In this second and final part of our interview with the Archie Comics editor-in-chief, we discuss the dramatic character change that was the recent “New Look” series, Jughead’s mother’s nose, and fighting robots.
One of the bigger changes Archie has undergone over the past 50 years, was the launch of the “New Look” series.
What we did was, we had these longer stories written, which were a little deeper, and we were trying to direct these stories to our readers who were about to go away from Archie Comics—girls in particular. When girls are done with Archie books, they’ll go on to chapter books. Boys will continue reading comics until they’re 70 years old. But girls go on to read other things, and we wanted to come up with a look and the types of stories that a little older reader might be interested in—not to say that the younger readers wouldn’t be, too, but we’re trying to keep our audience a little bit longer. Also, we would take those stories after they were published—we were publishing them in four consecutive issues as a digest book—and combine those chapters into a graphic novel at some point.
I imagine there was a lot of discussion around the office about that, being that it was such a dramatic change.
We got a lot of press about that, too. It was big news. CBS news came up to interview the publisher. There was a lot of controversy around it. Some people liked it, some people didn’t like it. Some people got the wrong impression—they thought we were going to be changing the look of the Archie characters forever, getting rid of the look that Dan DeCarlo drew them. They thought that was going to go away and that they’d have these realistic Archie characters that some thought were pretty ugly, you know?
Are you still producing those books?
We’re still producing them, yeah. I have a few more stories in the works, but it’s going to run its course, and then we’re going to end it.
Did it not get the sort of reaction you were hoping for, initially?
It did and it didn’t. a lot of people were happy to see us trying. Archie hasn’t experience too many different things, over the years—nothing too dramatic, at least. our readers and fan applauded the fact that we did something in a different direction. We used different artists—more adventure-type artists for those pages. It didn’t do badly, but it didn’t create tremendous sales, like we thought it might. But they held their own, and we could probably keep putting them out, but I think we want to go on to other things. We did those books, we’ll collect them all into graphic novels, they’ll be available—and they sell.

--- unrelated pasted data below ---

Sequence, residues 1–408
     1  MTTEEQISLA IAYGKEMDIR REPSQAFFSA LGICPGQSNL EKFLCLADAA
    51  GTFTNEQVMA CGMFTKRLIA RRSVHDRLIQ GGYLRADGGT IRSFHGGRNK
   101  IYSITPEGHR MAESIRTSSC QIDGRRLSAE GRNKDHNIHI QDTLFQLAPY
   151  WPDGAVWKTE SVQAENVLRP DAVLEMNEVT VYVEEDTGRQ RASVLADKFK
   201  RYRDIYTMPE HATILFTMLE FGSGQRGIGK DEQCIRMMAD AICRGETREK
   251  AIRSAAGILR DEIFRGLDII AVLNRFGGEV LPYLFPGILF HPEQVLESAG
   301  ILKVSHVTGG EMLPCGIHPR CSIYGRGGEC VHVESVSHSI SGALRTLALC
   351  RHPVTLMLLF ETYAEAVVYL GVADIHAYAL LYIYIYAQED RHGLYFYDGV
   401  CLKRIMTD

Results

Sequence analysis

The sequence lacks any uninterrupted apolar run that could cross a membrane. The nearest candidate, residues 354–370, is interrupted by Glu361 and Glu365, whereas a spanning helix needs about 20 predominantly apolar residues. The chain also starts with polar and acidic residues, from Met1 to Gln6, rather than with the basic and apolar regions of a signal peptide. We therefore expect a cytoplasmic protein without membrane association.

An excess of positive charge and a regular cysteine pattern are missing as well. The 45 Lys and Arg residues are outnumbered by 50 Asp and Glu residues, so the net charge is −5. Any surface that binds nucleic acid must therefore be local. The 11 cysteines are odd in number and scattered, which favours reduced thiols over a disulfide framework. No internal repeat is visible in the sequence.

It sounds like you’re very protective, in terms of what the characters should and shouldn’t do. Ultimately how do you decide upon the story lines? Are they written by committee?
Well, I work pretty closely with the writers who work for me. A lot of them will send me a springboard or a synopsis. It’s a couple of lines about what the story is going to be about. I tell them to do this one and not do that one. And we’ll take it from there. You’ll notice that many of our stories are seasonal. Right now we’re working on Christmas and winter stories [laughs]. We work pretty far ahead on them. We can try different things. Most of the time a lot of the ideas that come in from stories come from our readers. We pass the information onto the writers. I have one writer in particular who lives in California—every time he wants to write a story that’s a little out there, he’ll make sure to send a bunch of stories from the paper to back it up.
What’s one of the more bizarre storylines he’s pitched to you?
Well he’s got something recently—this was popular years ago and I guess it’s sort of coming back again—it has to do with building robots in teams.
The fighting robots?
Not necessarily fighting with each other, but competing with each other at a basketball game or a hockey game. Then he wrote a lot of stories about dogs, because all of the sudden everyone is interested in dogs. Using dogs for different things—I don’t mean for food. There’s an organization out there in California that takes dogs out to senior citizen homes, wearing little blue coats. It’s supposed to be really good therapy for senior citizens.
Everyone’s obviously drawing on the same mythology and using the same characters, but do you think the readers notice a difference in stories, from writer to writer? Do the writers have a distinct voice?
Sometimes. Somebody will say, “I really like the Jughead book,” and I only have one writer on that Jughead book. I have multiple writers on some of the other books. I can have four different stories by four different writers in one book. We’re moving toward longer stories now, though, that’s one thing I’m changing. I’m having the writers give me at least an 11 or 12 page story for the 32 page book, and then we’ll back it up with a couple of little ones.
Is there a reason behind that shift?
I think you can do a little more with that. With the shorter stories, you’re in, you’re out. It’s a quicker read. This way with a 12 page story, you can put a little more meat in it, so to speak.
In terms of the changes that you’ve made over the years to characters, are there any you specifically regret in retrospect?
Yeah, many years ago we had Jughead really become a ladies man and really become interested in girls, and all that did was turn him into another Archie [laughs]. That didn’t work at all. We also tried making Jughead’s mother’s nose shorter, and all that did was make her look like everybody else. Her nose is back to where it was it was. She got a reverse nose job.
So those small aesthetic choices make a big difference in the end.
Yeah. They’re cartoon characters, so if Jughead is a little funny in the end, that’s funny. If his family all looks like him, that’s fine.